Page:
Top tips for making the temporary labour market work for you

Empty 12 November 2020

At the beginning of 2020, the Office for National Statistics reported that there were 1.4 million temporary employees working across a variety of roles in the UK. The contribution the temporary workforce has traditionally made to the economy cannot be understated, and over the coming months this is likely to increase even further.

Indeed, when economic conditions are either in a state of flux or rapid growth, demand for temporary over permanent talent goes up. In the case of the former, temporary workers are often brought in to plug those gaps which are left when companies have been forced to scale back their workforces.

For those experiencing bouts of growth, it is not uncommon to see teams dominated by contingency talent to steer a project through to conclusion. So as an employer, how can you get the most from this rich source of talent?

Learn from the last recession: The recovery that followed the recession of 2008 saw a marked shift in the roles that organisations were hiring for. Focus turned from long term planning to business continuity, employers quickly learned how to leverage contract workers to support them. This continued even when the green shoots of recovery began to blossom. In fact, the Recruitment and Employment Confederation reported that 95 per cent of vacancies filled by the recruitment and executive search industry in the year 2012-13 were temporary roles.

Temporary does not always mean ‘temporary’: When we think of a ‘temporary worker’, many people assume that we mean the role will last from as little as a few days to a handful of weeks at most. This is a misnomer. Contracts can, and often do in our experience of having worked with hundreds of employers, extend beyond days and weeks to months and even years. So, when planning your workforce requirements, you can onboard talent for as long as the project requires without the need to convert their contract into a permanent one.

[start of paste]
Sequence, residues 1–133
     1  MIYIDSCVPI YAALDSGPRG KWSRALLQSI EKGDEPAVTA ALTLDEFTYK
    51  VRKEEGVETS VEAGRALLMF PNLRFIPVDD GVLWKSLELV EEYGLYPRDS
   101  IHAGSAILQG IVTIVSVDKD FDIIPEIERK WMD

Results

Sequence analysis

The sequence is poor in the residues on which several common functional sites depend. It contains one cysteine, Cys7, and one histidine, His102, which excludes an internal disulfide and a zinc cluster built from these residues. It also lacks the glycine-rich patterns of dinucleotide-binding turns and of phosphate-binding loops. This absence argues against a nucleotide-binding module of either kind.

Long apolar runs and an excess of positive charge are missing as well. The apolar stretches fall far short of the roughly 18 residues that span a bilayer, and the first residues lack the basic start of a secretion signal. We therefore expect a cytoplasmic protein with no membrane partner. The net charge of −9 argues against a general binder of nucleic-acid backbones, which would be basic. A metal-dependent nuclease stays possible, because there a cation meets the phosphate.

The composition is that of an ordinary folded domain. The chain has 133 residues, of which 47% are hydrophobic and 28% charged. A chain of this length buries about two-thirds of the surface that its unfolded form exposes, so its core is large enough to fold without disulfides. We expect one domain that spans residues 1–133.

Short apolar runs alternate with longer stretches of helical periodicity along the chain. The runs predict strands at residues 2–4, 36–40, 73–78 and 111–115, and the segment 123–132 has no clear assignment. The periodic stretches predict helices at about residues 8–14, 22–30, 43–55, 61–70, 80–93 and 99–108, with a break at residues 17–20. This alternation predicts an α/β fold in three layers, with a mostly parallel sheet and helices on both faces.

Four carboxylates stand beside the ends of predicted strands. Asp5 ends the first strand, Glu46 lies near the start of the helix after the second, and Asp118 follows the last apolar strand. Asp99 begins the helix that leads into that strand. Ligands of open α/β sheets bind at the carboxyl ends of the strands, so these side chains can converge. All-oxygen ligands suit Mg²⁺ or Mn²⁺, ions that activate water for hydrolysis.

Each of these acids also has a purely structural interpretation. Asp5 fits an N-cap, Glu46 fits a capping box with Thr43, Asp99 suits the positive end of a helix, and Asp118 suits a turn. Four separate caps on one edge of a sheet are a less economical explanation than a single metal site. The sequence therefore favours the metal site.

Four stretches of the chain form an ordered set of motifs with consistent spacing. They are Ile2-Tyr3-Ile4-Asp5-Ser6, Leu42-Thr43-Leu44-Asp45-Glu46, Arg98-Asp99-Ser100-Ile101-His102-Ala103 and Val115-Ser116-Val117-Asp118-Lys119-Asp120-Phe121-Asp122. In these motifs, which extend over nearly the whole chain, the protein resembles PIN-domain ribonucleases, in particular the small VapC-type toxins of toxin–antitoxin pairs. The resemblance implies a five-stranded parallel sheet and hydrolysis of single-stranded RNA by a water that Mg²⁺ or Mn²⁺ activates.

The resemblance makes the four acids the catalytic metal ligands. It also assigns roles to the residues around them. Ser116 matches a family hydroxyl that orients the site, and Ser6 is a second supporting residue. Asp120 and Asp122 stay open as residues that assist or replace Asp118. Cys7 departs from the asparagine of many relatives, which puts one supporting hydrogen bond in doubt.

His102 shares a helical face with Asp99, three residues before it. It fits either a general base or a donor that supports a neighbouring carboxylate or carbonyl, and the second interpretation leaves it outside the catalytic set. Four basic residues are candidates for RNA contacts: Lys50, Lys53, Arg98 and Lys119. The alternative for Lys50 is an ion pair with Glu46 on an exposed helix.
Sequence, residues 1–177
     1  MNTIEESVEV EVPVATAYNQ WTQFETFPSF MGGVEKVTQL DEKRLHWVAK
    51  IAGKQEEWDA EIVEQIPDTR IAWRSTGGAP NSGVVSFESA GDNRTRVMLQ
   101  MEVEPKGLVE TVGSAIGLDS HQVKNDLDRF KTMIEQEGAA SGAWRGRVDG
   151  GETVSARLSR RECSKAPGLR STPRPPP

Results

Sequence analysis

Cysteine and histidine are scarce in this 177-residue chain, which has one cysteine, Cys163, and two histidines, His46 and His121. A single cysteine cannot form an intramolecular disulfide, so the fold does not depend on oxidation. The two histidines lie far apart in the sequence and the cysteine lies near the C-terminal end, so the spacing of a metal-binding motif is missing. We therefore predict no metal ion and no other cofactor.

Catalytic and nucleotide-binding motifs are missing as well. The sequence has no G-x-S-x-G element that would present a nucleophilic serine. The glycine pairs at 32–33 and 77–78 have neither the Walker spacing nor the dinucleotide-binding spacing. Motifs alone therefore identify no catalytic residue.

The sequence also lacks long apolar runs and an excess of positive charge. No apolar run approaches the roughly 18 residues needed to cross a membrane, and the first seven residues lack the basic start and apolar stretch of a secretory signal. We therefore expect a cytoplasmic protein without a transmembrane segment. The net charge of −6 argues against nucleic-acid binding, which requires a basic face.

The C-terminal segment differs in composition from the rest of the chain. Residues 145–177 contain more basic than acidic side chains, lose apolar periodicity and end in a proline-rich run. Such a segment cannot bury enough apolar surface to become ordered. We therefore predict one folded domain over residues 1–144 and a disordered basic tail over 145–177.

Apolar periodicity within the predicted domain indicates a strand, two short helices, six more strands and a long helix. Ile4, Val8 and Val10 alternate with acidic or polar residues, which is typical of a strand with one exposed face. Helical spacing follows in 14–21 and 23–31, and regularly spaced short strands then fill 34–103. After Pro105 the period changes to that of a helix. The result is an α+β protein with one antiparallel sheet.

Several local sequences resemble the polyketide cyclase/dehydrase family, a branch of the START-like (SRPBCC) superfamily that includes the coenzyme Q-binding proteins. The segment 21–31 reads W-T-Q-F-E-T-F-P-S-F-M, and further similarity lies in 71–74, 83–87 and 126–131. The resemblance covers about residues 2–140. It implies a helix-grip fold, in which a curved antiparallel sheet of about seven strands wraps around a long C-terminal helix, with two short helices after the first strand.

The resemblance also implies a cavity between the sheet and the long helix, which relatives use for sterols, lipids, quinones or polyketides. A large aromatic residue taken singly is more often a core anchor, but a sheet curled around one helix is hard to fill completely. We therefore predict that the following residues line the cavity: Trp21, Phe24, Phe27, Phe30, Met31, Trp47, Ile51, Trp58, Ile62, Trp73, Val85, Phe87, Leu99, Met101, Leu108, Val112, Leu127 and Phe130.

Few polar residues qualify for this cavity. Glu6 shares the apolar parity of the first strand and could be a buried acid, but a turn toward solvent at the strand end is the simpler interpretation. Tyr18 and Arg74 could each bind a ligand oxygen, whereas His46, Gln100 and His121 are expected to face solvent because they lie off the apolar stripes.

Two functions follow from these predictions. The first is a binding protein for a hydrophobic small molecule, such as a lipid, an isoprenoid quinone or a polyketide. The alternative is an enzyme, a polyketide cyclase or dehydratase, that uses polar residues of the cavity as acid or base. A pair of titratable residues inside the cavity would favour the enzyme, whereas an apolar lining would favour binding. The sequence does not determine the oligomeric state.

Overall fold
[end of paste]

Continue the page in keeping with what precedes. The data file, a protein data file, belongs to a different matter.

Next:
Plan for growth: The key to bouncing back (and moving forward) is the ability to react quickly. Interim – or contingent – workers can be drafted in to support the business even at short notice, which can benefit employers in two ways. Firstly, it avoids delays in waiting for top talent to serve their notice period and that in turn ensures there are no delays in kick-starting projects. And second, when a position is either unexpectedly made vacant or newly created then an interim executive can quickly plug the gap.

Try before you buy: When an employer creates a new role that has not previously existed within the business, opting for an interim who has performed such a role elsewhere might be a better option. The reason being that it provides the employer with the opportunity to see how the role is manifested in practice enabling them to better understand how it fits within the organogram and whether their vision for the role in question is an accurate one. Either way, taking the interim route can keep hiring costs to a minimum and the business itself can learn and benefit from the experience of the interim post holder. In fact, in conjunction with your chosen recruitment partner, they could provide advice and direction on what a successful, permanent replacement should ‘look’ like.

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